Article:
@Betty – yeah, I’ve been standing firmly on shifting sand with my blog title! This’ll be it – for awhile …
    @Sallie – I’m generally not a big coffee drinker. But it was too early for alcohol, and the bustard near-miss had left us shattered!
    @Magsx2 – The ladies couldn’t have been nicer! Sallie (comment above yours) was nice enough to explain the whole comment format thing – so thank her!!
    @Windsmoke – what happened to small towns with the demise of Cobb & Co many years ago is now happening with the railway demise!
    @Carolyn – No need for a camp oven with THAT morning tea array!!

  11. @Rubye Jack – Yes, what to do indeed? If only the world knew of my suffering! Although the vast array of baked goods alleviated the pain somewhat …
    @FruitCake – And I’d SO rather the CWA stuck to baking rather than becoming the spelling police!
    @SFlaGUY – I shall count the minutes!! And people/water are SO overrated …
    @Kath – Oh lucky, LUCKY YOU!!! But how would she cope in baking-powderless Switzerland??!!
    @PDP – Haha! I never got to the bottom of who the two actually were …

  12. Bonza photos, i especially the “Pub with no town” i suspect this can only happen in OZ. Like Mags i’m glad you changed to a pop up comments window as i’ve been having the same trouble, maybe everyone should change to a pop up window :-).

  13. Hi,
    Some of these out of the way places are amazing, so are the people that you meet, always very friendly, and full of information.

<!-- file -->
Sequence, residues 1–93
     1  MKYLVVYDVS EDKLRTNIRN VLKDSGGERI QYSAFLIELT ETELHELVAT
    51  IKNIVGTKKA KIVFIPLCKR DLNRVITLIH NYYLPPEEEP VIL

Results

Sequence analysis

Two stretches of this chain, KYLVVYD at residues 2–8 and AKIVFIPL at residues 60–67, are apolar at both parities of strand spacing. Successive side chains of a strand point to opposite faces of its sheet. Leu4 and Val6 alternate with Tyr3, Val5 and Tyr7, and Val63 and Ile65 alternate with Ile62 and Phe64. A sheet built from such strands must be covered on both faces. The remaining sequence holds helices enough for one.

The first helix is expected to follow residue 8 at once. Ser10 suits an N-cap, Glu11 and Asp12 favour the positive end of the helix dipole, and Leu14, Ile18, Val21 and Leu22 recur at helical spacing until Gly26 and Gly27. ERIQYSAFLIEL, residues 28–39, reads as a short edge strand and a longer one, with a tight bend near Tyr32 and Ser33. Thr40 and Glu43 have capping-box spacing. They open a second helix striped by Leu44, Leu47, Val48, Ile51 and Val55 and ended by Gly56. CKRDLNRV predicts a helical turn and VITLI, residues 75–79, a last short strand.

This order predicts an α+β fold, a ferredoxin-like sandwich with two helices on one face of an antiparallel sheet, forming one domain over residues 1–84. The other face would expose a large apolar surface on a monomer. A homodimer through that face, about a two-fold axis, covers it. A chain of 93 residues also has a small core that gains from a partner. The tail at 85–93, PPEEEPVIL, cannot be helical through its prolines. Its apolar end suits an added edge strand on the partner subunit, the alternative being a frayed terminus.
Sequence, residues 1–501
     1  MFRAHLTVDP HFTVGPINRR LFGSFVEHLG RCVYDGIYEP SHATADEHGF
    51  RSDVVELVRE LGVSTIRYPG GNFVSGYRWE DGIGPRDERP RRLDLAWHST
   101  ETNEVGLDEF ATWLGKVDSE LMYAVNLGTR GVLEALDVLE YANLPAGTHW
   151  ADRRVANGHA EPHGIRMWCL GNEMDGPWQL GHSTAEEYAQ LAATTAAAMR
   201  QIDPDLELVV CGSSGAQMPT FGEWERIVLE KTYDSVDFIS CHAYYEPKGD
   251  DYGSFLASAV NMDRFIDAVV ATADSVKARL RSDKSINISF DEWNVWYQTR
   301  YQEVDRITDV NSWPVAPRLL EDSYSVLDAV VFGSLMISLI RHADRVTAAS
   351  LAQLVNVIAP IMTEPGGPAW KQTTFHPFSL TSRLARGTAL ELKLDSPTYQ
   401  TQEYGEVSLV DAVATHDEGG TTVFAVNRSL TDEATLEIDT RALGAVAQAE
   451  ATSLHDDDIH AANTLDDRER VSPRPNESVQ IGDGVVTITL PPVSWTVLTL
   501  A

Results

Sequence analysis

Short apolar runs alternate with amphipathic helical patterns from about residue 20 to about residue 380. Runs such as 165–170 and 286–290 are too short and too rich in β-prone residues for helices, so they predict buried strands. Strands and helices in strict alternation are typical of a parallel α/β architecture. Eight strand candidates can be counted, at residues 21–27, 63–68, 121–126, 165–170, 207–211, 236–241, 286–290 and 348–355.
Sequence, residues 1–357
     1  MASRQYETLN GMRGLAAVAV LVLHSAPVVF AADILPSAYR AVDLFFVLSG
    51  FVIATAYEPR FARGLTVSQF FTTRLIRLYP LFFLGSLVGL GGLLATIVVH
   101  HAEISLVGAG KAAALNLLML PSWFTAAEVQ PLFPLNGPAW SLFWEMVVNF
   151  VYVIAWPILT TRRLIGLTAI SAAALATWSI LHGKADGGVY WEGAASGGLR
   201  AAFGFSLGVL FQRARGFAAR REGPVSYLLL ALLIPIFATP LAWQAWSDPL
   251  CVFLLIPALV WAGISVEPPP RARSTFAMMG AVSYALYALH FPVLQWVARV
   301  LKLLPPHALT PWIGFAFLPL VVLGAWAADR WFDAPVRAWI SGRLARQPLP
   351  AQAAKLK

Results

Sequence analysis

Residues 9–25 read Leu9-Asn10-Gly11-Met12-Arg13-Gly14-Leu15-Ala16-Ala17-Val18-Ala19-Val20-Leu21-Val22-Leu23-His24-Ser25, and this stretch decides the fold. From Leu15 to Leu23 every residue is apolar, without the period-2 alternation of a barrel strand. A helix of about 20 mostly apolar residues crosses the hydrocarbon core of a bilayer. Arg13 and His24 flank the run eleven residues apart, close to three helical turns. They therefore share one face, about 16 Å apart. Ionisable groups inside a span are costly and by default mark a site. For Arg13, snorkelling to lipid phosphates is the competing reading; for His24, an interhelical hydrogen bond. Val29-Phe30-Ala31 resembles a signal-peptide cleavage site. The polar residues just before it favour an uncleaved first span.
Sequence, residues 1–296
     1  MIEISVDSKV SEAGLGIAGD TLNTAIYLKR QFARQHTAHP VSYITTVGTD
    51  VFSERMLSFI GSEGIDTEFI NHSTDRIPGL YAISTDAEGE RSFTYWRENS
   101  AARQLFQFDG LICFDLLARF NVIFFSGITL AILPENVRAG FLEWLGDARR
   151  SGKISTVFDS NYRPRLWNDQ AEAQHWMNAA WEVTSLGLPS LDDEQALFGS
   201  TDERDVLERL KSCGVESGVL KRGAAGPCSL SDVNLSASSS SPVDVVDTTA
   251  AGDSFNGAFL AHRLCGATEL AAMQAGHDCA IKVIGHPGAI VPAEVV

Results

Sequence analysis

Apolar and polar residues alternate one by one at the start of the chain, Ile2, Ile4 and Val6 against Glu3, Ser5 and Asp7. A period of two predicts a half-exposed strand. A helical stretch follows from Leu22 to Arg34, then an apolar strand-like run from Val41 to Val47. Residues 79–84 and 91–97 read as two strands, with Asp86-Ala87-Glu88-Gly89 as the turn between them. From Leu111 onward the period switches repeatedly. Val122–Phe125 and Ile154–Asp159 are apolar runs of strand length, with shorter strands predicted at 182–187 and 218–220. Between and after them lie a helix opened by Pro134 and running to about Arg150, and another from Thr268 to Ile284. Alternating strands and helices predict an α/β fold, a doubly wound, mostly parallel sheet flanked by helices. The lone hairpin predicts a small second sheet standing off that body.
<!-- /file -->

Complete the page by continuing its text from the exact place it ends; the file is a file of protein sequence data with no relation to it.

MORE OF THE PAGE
Oh it is good that you changed your comment section to the pop up window. The blogs with the pop up window are the only one’s I can comment on. Sorry I didn’t comment on your last post.

    There are a lot of complaints in the forums, but I think it may be an issue with blogspot and IE8. Very frustrating.

  14. nice blog title! i was surprised at first to see a new(?) blog in my blog roll.
    and then… i was just transported here!

    a beautiful story with beautiful photos!
    big hugs
    betty xx

    oh and i’ve heard of a bustard before.

  15. I’ve never heard of a bustard before but it sounds like it would be terrible to hit indeed. Cemery? Hmmm. That sure is a curious word.

  16. Another interesting place to visit, OZ. You make a good story out of any situation. I’m going to try to find a picture of a bustard because I’m conjuring up some pretty weird pictures in my mind of what one might look like.

  17. Haha! Red does that mean that the two lovely ladies behind the bar ARE the population of two in Toompine??

    Also now I’m worrying about the ‘virtual tree’, I heard recently that more than half the fires in Australia are started by arsonist, isn’t that an amazing and also horrifying statistic!!

  18. Decent coffee can only – ONLY – be alleviated by the fantastic offerings from CWA ladies. Yes, my very own mother is a member!

  19. Your postings have an unusual lack of people and water…. unlike my own this week for which you were so kind to comment on. My number of hits from Australia are climbing each day no doubt from the fact you post in every little tiny town with a hook up. Hopefully my sudden, newfound, and fleeting fame will drive untold 10’s of new fans to your site as well.